Background: Overweight and obesity is prevalent in adults with asthma and associated with neutrophilic airway inflammation and oxidative stress. The effect of dietary carotenoids in overweight/obese adults with asthma is unknown.
Aims: (1) To compare airway neutrophil markers, systemic inflammation and carotenoid levels in healthy-weight versus overweight/obese adults with asthma. (2) To examine the effects of a high, versus low, fruit and vegetable diet on these markers in overweight/obese asthmatic adults.
Methods: In a cross-sectional analysis, sputum neutrophil elastase activity, toll-like receptor (TLR)-4 gene expression and IL8 levels, plasma carotenoids and systemic inflammation were compared between healthy-weight (BMI <25kg/m2) and overweight/obese (BMI ≥25kg/m2) adults with asthma. Changes in these biomarkers were then compared between overweight/obese asthmatic adults randomised to a high (HFV) versus low (LFV) fruit and vegetable diet for 14 weeks.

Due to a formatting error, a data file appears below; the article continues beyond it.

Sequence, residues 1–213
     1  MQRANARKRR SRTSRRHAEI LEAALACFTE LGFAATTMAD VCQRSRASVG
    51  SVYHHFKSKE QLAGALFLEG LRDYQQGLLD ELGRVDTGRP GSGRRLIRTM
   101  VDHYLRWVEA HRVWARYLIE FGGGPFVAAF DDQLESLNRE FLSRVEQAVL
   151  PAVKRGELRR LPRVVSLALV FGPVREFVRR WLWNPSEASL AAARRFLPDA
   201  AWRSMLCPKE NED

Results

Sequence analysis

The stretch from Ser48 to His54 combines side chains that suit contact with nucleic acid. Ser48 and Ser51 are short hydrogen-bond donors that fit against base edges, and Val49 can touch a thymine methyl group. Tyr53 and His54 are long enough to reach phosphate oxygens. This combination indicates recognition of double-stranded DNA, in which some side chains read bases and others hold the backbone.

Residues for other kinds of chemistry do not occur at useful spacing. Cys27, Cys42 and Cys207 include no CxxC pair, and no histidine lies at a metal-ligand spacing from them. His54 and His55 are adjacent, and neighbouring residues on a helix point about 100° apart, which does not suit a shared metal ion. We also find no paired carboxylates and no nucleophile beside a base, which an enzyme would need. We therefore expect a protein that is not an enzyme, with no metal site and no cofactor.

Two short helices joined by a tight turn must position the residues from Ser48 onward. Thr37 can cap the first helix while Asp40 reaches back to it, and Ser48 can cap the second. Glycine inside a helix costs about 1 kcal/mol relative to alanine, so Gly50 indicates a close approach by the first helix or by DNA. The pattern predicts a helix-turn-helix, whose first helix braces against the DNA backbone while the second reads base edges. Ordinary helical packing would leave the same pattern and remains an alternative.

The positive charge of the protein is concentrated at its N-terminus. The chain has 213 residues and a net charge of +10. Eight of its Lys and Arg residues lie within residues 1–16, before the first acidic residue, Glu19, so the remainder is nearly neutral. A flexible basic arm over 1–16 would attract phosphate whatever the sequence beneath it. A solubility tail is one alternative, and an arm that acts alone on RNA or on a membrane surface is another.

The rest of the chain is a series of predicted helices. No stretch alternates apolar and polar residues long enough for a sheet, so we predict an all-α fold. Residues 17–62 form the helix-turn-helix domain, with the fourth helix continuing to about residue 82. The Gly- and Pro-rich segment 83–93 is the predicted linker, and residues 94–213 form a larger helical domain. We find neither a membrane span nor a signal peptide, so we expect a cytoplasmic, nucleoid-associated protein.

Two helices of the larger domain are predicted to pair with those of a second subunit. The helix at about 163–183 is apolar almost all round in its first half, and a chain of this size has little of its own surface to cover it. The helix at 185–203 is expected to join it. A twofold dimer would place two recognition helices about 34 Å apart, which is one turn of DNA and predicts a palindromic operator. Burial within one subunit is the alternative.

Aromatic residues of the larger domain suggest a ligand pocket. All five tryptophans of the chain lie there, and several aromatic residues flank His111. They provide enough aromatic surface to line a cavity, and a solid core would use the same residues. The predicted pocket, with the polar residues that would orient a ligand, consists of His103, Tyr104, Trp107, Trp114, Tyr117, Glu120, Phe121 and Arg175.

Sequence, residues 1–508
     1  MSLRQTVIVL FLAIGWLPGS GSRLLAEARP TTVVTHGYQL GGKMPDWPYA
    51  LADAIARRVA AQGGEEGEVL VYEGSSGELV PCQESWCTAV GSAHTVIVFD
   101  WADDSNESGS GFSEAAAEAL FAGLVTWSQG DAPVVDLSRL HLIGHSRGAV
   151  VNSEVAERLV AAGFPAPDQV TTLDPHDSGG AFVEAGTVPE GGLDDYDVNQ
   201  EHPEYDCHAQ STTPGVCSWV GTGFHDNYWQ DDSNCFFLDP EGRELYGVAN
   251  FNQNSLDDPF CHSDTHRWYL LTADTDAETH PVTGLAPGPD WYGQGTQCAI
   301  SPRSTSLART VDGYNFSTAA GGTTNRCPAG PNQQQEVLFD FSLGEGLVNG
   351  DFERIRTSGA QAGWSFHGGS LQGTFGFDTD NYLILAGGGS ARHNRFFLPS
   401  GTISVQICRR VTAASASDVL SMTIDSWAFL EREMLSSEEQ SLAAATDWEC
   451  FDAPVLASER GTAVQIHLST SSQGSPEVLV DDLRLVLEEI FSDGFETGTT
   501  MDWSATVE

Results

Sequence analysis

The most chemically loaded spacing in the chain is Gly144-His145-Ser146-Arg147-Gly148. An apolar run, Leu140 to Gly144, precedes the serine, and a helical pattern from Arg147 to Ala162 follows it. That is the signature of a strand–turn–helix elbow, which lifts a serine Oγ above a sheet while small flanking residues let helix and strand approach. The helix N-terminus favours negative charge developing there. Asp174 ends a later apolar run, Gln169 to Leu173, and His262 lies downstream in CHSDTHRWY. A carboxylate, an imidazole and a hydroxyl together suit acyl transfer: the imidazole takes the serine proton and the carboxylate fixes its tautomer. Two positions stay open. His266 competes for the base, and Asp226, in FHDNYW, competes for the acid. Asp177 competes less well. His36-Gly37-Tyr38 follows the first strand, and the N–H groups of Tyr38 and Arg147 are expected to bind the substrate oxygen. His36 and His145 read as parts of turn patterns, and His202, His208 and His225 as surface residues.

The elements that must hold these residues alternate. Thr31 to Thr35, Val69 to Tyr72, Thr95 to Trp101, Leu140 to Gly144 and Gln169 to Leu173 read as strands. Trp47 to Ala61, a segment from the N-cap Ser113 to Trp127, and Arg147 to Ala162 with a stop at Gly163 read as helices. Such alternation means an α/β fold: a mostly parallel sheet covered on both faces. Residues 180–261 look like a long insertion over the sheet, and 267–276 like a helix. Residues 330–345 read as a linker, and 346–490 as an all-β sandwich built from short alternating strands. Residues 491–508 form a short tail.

Results: Baseline sputum neutrophil elastase, TLR4 expression and IL8 were higher in the overweight/obese (n=106) versus the healthy-weight (n=27) adults; conversely, plasma carotenoids were reduced. Following the 14-week RCT, neutrophil elastase decreased in the HFV (n=33) versus LFV (n=63) group (-28.5 (-350.4, 64.6) vs. 211.5 (-15.4, 1508.7) ng/mL, p=0.045), as did CRP (-0.2 (-2.8, 0.8) vs. 0.8 (0.1, 4.9) mg/L, p=0.014). Lutein and alpha-carotene increased in the HFV versus LFV group.
Conclusion: Markers of airway neutrophils were raised in overweight/obese adults with asthma; however, neutrophil activity reduced following a 14-week high fruit and vegetable diet, while circulating carotenoids increased. Dietary intervention may be beneficial in obese adults with asthma.
Funding source: NHMRC